Composing or Coding … same and different? October 22, 2013Posted by IaninSheffield in CPD, Musings.
Tags: coding, computing
I suspect like many schools across the country, we’ve been discussing how best to address and accommodate the changes in ICT in the National Curriculum. More specifically, given the shift of emphasis to Computing, how we might implement the computer science aspects of computation, programming and coding. In many schools this may prove a real challenge, not least for the teachers charged with that implementation. It was clear from the outset that there is
a critical shortage of teachers with the right subject matter expertise.1
ICT teachers often came into the subject from a variety of other disciplines to fill a need in their school and because of the skills, knowledge and expertise they had personally developed. It is less common I suspect, to find ICT teachers like this one who come with a computing background.
So either we wait until there are enough people coming out of university with the skills needed to deliver the new aspects of the curriculum, or we expect a good proportion of our workforce to retrain. But is that fair I wonder? How easy will it be for someone with facility in the use of ICT to reskill and become adept with computer science and programming? I’m not at all sure; how would I cope for example. Bear with me a while so I can prepare the ground …
Running through my mind recently has been the notion that music and computer code have quite a lot in common. They both have specific characters and notation which, to the untutored eye, have little meaning. Stringing them together creates a music score on the one hand and a computer program on the other. Yet you can’t just throw one character after the other in a haphazard fashion and expect to generate anything meaningful. No, it takes a skilled, experienced, talented individual to bring forth order, structure and beauty from those basic building blocks; a composer for one and coder for the other. Code snippets are combined and arranged in sequences and inter-connected with loops; notes are arranged on a stave, grouped in bars, guided by time signatures and also have repeat instructions. The different programming languages have different underlying principles, as do different musical genres. Musical instruments for which music is composed are like the different platforms for which programs are written. A computer user running an application resembles someone listening to a piece of music.
I’m sure there are further and better comparisons, but to return from our metaphorical sojourn then, it’s hardly surprising that
“A large number of ICT teachers feel exceptionally vulnerable after the rapid speed of change that has affected their subject…2”
So before we ask a ‘vulnerable’ ICT teacher to consider teaching programming, perhaps we ought to ask whether we would expect the same person to learn to teach musical composition … on little more than a scant few twilight professional development sessions? Is that feasible … or fair?
Computing in School. Is the time nigh? October 20, 2012Posted by IaninSheffield in CPD, Musings, Twitter.
Tags: CAS, coding, computing, programming
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The other night I attended a local CAS Hub Meeting at Sheffield Hallam University; the first I’ve been to. Attended by an eclectic mix drawn in the main from ICT teachers and leaders from local schools, but also including colleagues from HE, PGCE students and representatives of companies in the digital sector.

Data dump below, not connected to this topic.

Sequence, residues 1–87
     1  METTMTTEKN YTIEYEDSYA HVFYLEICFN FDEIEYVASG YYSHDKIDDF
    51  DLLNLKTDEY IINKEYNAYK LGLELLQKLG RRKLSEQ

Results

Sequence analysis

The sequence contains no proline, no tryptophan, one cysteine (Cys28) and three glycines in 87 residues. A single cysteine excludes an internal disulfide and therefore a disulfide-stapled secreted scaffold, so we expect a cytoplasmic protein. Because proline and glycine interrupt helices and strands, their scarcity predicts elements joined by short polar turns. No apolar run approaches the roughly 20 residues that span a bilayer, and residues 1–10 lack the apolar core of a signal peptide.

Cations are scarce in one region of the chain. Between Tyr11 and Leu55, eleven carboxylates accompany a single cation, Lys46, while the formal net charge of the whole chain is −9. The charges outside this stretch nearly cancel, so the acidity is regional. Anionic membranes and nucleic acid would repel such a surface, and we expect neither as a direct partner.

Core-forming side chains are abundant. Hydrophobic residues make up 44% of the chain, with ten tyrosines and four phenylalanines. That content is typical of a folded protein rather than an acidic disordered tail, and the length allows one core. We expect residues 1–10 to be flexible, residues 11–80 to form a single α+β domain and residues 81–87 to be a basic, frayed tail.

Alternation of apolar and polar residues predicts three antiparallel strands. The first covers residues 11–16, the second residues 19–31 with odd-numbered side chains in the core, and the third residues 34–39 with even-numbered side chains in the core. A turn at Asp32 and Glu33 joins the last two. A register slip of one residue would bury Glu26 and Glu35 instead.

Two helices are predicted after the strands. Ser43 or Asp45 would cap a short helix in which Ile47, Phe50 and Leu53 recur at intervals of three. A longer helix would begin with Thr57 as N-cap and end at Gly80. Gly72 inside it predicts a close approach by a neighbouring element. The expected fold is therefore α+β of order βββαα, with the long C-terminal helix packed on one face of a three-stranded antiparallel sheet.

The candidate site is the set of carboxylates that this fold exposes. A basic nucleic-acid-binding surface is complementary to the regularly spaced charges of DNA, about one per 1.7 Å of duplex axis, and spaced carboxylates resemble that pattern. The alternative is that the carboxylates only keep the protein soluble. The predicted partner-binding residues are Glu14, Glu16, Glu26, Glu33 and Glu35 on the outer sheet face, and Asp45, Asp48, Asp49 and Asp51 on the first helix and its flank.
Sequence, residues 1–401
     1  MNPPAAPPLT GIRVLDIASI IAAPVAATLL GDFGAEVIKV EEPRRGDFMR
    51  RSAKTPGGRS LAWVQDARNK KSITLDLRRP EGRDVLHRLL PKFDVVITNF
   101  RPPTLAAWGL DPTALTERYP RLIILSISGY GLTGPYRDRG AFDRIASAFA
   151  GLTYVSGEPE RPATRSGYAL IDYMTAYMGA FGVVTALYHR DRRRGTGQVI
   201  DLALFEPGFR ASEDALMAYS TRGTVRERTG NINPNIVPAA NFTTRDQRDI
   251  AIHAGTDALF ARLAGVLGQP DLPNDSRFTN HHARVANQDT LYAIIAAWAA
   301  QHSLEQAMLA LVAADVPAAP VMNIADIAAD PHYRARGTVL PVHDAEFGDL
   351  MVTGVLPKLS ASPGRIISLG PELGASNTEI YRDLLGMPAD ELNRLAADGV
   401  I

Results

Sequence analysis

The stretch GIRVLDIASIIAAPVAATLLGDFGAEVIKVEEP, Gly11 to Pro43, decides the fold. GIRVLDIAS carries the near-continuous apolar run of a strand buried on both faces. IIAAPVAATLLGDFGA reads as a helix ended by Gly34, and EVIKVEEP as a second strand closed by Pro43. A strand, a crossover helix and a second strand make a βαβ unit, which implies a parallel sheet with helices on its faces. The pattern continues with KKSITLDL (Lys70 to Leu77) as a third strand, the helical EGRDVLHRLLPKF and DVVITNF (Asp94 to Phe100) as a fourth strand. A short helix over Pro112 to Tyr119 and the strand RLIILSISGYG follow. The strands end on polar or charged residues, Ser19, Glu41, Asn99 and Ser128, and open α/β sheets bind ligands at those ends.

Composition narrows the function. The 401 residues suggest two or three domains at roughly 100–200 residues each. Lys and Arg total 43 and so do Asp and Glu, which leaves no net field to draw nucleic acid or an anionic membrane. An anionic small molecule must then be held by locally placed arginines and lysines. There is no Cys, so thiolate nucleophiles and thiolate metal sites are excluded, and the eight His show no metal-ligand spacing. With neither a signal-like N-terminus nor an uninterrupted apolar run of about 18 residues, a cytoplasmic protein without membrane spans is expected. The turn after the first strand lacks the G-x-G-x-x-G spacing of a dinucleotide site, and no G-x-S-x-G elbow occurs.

… a closely knit national federation of university-led local school networks … A central goal of the local networks is to build a sufficient capacity of expert schoolteachers with the competencies and capabilities necessary to support the development of other computer science teachers.
Phil then took us through some of the robotics projects the recently established South Yorkshire CAS Hub had undertaken in conjunction with local schools. The evening hospitably drew to a close with a few nibbles and the opportunity to network with other attendees.
What was serendipitous though was when I got home and checked in on Twitter to find an ongoing discussion along the same lines as that which I’d been listening to barely an hour earlier. I think I’m right in saying it started with this from Neil Winton:
It’s as simple as it is obvious. The ability to code is as important as the ability to read and write: venturebeat.com/2012/09/04/est…
— Neil Winton (@nwinton) October 18, 2012
and blossomed to include John Johnston, Charlie Love, Rob Hill and Richard Anderson who touched on the value of coding in the curriculum, the skills associated with coding and computing and the dearth of computer scientists in the UK employment market. Although I chipped in briefly, I don’t have an agenda here. As ICT Development Manager in school, my responsibility is to ICT across all subjects (and beyond!) and my disposition towards it stems from the potential it offers to encourage, enhance and extend, promote and enable learning. That said, I’m only too well aware of and sympathetic towards some of the serious issues surrounding Computer Science, like the marked decline in numbers of students studying Computing in school and subsequently in higher education and the shortfall in the numbers of CS graduates available to fill jobs in the IT labour market.